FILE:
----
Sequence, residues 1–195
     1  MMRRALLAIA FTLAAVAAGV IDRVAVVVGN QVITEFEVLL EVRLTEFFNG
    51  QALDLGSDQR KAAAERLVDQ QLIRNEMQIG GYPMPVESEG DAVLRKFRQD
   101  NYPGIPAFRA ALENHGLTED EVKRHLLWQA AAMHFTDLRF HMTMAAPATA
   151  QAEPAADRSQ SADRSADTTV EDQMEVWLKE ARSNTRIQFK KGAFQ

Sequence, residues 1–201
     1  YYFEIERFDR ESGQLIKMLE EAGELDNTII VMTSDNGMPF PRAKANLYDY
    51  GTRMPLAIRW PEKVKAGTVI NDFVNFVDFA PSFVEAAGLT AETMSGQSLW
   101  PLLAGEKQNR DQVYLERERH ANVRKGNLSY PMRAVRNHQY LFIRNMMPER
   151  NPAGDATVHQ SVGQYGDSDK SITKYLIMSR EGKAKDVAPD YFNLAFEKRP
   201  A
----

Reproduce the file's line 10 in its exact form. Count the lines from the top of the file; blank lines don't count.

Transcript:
   151  NPAGDATVHQ SVGQYGDSDK SITKYLIMSR EGKAKDVAPD YFNLAFEKRP